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The Complete Guide To Business Process Management (BPM) Lifecycle

Key takeaways

  • The Business Process Management (BPM) lifecycle is a framework that helps organizations manage and improve their business processes.
  • The BPM lifecycle is important because it helps organizations ensure that their business processes are efficient and effective. 
  • The BPM Lifecycle has seven steps: (1) Plan, (2) Design, (3) Modelling, (4) Execution, (5) Monitoring, (6) Optimization, and (7) Continuous Improvement

Business Process Management (BPM) is a disciplined approach to identify, design, execute, monitor, and optimize important business processes.

It’s about ensuring that the processes you rely on to run your organization are as efficient and effective as possible.

By focusing on improving business processes, you can help your company adapt to new challenges and opportunities more easily, leading to improved performance and competitiveness.

The BPM lifecycle provides a framework for process optimization, starting from the initial phase of process planning and leading up to the continuous refinement of the process.

This cyclic process involves several key steps including the analysis, design, modeling, implementation, and monitoring of business processes.

What is Business Process Management (BPM)?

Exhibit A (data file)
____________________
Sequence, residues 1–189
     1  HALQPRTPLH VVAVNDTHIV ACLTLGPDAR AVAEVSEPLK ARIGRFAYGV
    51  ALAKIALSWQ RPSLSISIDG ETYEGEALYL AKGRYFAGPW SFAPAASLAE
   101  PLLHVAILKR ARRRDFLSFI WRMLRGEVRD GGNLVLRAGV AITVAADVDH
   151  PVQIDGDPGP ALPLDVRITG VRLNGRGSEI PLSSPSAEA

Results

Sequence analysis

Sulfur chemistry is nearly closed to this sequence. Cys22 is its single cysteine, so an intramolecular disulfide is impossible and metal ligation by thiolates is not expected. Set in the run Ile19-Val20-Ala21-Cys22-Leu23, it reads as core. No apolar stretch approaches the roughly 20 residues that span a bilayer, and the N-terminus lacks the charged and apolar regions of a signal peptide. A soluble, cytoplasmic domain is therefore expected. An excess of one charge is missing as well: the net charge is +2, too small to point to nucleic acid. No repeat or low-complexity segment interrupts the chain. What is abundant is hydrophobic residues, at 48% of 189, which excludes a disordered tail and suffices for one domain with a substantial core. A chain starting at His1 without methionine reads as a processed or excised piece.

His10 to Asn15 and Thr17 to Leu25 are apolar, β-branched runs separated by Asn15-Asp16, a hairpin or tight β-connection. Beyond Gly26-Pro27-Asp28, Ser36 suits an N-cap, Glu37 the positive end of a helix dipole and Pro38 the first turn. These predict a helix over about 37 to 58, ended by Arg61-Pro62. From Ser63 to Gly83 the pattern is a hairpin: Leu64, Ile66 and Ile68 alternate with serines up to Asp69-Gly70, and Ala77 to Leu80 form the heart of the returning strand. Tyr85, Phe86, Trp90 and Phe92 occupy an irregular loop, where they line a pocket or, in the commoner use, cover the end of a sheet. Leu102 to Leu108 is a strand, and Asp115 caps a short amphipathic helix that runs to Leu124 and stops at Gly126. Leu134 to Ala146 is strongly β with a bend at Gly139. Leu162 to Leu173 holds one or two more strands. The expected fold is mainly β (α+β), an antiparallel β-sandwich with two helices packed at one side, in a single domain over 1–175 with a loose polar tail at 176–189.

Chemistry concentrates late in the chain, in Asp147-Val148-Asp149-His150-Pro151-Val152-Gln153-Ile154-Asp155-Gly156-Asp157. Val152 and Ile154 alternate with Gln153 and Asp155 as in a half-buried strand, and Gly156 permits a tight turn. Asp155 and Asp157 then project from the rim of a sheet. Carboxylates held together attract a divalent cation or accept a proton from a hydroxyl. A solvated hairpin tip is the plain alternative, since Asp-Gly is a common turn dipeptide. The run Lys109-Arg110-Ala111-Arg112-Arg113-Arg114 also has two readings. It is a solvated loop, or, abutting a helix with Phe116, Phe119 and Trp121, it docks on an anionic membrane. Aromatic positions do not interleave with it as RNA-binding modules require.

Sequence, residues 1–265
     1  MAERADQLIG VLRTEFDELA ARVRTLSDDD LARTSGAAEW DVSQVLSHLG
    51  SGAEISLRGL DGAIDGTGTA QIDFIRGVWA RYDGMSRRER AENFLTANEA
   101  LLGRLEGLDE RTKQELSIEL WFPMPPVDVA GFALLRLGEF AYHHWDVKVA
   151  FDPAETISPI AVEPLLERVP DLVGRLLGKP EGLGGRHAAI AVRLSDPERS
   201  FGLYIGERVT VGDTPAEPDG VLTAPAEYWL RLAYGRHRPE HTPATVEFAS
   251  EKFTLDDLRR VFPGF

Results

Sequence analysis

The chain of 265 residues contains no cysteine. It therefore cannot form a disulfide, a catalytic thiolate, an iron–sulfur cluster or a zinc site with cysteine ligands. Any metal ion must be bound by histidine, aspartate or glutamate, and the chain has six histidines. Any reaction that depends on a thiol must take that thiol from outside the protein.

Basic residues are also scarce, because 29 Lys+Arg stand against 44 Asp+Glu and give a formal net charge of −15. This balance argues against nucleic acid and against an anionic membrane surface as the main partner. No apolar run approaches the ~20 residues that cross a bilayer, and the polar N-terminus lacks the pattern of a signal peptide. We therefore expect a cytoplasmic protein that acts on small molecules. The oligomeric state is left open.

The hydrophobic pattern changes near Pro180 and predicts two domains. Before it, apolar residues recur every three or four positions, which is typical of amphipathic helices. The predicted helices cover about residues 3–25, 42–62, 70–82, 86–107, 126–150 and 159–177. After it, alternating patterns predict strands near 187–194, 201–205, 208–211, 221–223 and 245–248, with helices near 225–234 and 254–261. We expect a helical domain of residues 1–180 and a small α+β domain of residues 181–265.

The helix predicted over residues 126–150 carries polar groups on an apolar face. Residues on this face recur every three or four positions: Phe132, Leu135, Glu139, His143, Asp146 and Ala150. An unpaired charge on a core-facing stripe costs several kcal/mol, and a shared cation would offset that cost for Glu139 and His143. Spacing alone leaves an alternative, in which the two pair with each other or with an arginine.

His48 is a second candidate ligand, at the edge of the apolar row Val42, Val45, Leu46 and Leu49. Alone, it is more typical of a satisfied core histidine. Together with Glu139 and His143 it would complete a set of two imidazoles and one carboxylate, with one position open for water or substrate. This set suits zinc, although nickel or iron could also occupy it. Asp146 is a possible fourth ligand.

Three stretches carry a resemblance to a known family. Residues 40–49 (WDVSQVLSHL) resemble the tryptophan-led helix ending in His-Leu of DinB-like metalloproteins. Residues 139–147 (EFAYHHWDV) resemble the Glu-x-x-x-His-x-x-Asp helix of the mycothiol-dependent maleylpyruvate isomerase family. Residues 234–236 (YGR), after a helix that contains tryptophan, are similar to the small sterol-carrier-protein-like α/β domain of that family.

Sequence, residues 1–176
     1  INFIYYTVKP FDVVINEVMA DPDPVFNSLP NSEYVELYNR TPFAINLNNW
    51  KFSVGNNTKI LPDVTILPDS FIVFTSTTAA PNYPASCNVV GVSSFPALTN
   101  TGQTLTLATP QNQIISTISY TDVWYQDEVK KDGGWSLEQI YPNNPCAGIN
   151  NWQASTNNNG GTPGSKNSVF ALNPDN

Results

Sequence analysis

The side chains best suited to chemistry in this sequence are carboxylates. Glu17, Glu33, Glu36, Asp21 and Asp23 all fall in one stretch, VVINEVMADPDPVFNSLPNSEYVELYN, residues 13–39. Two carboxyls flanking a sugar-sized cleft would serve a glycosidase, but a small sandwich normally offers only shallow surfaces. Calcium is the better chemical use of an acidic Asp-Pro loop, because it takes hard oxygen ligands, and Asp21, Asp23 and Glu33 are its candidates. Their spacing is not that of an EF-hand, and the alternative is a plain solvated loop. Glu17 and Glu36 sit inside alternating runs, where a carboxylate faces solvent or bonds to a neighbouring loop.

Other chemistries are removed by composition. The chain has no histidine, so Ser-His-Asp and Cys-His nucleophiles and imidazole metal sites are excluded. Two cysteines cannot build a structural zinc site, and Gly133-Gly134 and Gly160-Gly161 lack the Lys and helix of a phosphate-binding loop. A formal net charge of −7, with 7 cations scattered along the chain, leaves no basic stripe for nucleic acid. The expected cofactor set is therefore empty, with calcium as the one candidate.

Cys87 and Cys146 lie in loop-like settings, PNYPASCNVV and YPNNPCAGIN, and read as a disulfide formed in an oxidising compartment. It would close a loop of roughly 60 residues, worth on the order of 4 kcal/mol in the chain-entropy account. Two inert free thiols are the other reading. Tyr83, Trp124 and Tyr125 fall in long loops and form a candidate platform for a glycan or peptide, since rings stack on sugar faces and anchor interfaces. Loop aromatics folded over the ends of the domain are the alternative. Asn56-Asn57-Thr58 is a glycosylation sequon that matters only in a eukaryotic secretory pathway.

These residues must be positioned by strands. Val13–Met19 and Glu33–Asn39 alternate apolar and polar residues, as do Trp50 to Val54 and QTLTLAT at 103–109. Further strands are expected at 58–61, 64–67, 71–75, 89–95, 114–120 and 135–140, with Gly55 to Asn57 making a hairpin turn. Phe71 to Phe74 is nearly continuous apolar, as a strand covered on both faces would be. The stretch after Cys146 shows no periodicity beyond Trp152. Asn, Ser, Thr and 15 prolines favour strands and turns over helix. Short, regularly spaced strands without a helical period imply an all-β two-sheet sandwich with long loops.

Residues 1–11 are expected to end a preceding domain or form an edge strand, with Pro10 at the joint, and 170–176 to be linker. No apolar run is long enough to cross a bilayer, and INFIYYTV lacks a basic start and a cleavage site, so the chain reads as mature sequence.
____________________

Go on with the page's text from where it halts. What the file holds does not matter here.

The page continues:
Business process management (BPM) is about aligning your business operations with your company goals, ensuring that you manage processes effectively to improve efficiency and achieve compliance.

Defining and Importance of BPM

Business Process Management (BPM) is the strategic approach to identifying, evaluating, and improving your existing business processes. Its importance lies in its ability to make your organization more adaptable, efficient, and effective.

Business process management (BPM) is a discipline that uses various methods to discover, model, analyze, measure, improve and optimize business processes. 


By focusing on BPM, you’re striving to meet your objectives and maintain compliance with regulations, ensuring that your business operations are optimized for peak performance.

Core Elements of BPM

BPM revolves around several core elements:

  • Business Processes: Sequences of tasks or activities that produce a specific service or product for your customers.
  • Management: The oversight and control of these processes to maintain their efficiency and effectiveness.
  • Efficiencies: Streamlining your business processes to eliminate unnecessary steps and reduce the chance of errors.
  • Objectives: Each process should be aligned with the larger business goals you aim to achieve.
  • Streamlining: Simplifying and optimizing processes to improve flow and decrease bottlenecks.
  • Compliance: Ensuring that your processes adhere to relevant laws, regulations, and policies.

By keeping these elements in check, you ensure that your BPM efforts are cohesive and targeted.

Business Process Management Examples

BPM can be applied to any type of business process, no matter how simple or complex. 

For example, a basic process like order fulfillment can be made more efficient by introducing automation or eliminating steps that add no value. 

A more complex process like new product development can be improved by streamlining the process and introducing checkpoints to ensure quality control.